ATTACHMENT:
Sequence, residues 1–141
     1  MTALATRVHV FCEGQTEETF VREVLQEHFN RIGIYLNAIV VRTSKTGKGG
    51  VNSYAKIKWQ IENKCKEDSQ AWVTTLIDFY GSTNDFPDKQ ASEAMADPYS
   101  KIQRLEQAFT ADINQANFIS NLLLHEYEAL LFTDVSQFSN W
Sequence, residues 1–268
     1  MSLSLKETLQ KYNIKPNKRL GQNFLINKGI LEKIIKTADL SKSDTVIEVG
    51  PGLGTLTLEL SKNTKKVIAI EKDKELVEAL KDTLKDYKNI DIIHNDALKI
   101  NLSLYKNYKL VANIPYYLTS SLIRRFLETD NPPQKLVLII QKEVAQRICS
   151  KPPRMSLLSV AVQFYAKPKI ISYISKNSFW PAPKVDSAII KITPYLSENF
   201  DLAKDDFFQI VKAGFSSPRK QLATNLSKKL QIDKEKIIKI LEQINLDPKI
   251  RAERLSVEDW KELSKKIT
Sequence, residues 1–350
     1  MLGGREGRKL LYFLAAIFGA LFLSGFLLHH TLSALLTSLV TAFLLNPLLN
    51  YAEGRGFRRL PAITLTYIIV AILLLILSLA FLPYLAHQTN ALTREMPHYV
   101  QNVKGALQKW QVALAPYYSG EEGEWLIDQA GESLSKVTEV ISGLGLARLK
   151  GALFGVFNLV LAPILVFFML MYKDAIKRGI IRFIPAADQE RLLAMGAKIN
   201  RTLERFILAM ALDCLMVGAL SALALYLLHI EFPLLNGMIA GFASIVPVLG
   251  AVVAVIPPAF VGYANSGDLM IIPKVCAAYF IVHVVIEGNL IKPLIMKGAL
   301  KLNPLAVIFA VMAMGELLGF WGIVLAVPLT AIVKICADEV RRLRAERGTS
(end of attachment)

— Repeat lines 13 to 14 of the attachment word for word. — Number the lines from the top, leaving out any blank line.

     1  MLGGREGRKL LYFLAAIFGA LFLSGFLLHH TLSALLTSLV TAFLLNPLLN
    51  YAEGRGFRRL PAITLTYIIV AILLLILSLA FLPYLAHQTN ALTREMPHYV